Lawyer Andrew Cohen analyzes legal affairs for CBS News and CBSNews.com.
Having successfully pushed Congress last year to block the terror suspects at Guantanamo Bay, Cuba, from having access to the federal courts, the Justice Department this week movedto block the detainees from having important access to their attorneys. The Wall Street Journal's Law Blog has posted the proposed new rules here and they are remarkable not just because they seem so onerous, even in the context of Gitmo, but because they seem designed to try to shift the blame for the deplorable conditions at Gitmo from the guards to the lawyers.
In other words, the feds now argue, it is not the fact that the men have been locked up without charges for about five years and treated poorly by our government that is causing "intractable problems and threats to security at" Gitmo. It is not the fact that the military guards down there are permitted by law to do things to the detainees—the use of force, the deprivation of certain rights-- that would never be permitted in federal or state prisons. It is mail from attorney to client and visits from the former to the latter which are causing "unrest" on the base. That's like immediately blaming the doctor for the patient's illness when the medical expert arrives to make a house call.
According to the New York Times' William Glaberson, who broke the story Thursday, "the government would limit lawyers to three visits with an existing client at Guantánamo; there is now no limit. It would permit only a single visit with a detainee to have him authorize a lawyer to handle his case. And it would permit a team of intelligence officers and military lawyers not involved in a detainee's case to read mail sent to him by his lawyer." All of these new powers would significantly inhibit the ability of the lawyers to adequately (never mind well) defend these men.
Worse, under the guise of enhancing security, the new rules would deprive the attorneys of the right to see evidence the government has or intends to use in classifying the detainees as "enemy combatants." Imagine how easy convictions would be in our country if the prosecutor could choose which evidence to share with defense attorneys! In this way, the government is trying to accomplish what Congress was unwilling to permit when it passed the Military Commissions Act last year and what the Supreme Court twice has refused to do when Gitmo challenges have come before it—make an already uneven playing field all the more uneven in favor of the feds.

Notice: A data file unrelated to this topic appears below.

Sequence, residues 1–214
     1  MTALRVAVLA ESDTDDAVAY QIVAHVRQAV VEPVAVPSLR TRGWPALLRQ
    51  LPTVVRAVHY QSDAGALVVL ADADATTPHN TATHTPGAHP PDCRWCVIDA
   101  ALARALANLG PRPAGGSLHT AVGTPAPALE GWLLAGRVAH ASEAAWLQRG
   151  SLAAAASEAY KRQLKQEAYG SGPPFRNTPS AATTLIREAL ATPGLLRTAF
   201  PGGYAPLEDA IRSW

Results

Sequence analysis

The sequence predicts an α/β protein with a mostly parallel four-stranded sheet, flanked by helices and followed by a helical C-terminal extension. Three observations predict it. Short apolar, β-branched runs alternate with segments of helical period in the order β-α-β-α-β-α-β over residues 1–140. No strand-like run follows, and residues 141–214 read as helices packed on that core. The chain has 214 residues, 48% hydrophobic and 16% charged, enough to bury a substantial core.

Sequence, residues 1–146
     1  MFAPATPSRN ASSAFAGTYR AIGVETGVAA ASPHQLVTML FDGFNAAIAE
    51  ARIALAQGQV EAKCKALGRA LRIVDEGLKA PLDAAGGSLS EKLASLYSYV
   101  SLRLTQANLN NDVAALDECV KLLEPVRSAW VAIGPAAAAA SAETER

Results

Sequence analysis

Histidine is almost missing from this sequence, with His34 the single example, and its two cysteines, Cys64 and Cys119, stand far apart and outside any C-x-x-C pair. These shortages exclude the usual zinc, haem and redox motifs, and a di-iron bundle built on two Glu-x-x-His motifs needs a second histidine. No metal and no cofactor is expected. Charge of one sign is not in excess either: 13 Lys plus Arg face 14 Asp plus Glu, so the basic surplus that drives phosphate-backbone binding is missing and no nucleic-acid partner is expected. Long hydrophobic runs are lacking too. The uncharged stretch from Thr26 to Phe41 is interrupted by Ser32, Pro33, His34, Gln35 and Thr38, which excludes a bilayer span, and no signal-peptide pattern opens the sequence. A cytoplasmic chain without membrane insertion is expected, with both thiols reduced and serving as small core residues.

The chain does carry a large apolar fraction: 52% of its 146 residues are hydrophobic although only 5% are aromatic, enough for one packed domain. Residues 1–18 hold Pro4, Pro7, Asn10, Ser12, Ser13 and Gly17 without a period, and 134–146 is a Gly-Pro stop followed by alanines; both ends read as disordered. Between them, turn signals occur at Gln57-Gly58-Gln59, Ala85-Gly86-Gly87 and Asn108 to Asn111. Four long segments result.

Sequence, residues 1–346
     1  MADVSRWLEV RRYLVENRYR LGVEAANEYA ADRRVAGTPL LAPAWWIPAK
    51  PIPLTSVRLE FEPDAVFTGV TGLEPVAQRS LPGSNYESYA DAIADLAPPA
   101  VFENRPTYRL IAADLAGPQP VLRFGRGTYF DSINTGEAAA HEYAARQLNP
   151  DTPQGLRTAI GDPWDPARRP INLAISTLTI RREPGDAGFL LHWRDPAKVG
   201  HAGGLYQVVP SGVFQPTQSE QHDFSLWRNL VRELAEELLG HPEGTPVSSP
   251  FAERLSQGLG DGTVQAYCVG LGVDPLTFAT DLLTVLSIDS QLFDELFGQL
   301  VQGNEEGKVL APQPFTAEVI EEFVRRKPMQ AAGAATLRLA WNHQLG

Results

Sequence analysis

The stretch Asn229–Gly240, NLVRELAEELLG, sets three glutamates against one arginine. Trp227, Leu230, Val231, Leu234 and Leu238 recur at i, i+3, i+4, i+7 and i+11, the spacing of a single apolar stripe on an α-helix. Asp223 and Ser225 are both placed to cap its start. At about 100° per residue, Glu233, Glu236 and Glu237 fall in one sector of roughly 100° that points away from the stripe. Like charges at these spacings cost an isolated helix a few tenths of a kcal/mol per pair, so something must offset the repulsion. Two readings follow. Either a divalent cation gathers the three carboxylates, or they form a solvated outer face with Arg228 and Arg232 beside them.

Now, these dire representations by the Justice Department might be more understandable if earlier, similar "sky is falling" representations by the Justice Department had proven to be true. But there is a long record now, post 9-11, of hyperbole being employed as policy on the part of our officials. We were told, for example, that the men at Gitmo were "killers" at Guantanamo Bay—Attorney General Alberto Gonzales himself used that word— only to find out (from the military's own investigations) that hundreds and hundreds of the men never took up arms against the United States or were otherwise involved with Al Qaeda (much less killed anyone we care about).
And so it is likely that the courts which ultimately will judge this request will do so with a great deal more skepticism now than they might have five years ago. The lawyers who represent the men down at Guantanamo Bay are doing so at great peril to their own professional reputations. They have gone to great lengths to do their jobs without jeopardizing security, national or otherwise. Their work is in the highest tradition of the legal profession and deserves protection from our government—no matter how embarrassing is the story they and their clients ultimately will tell.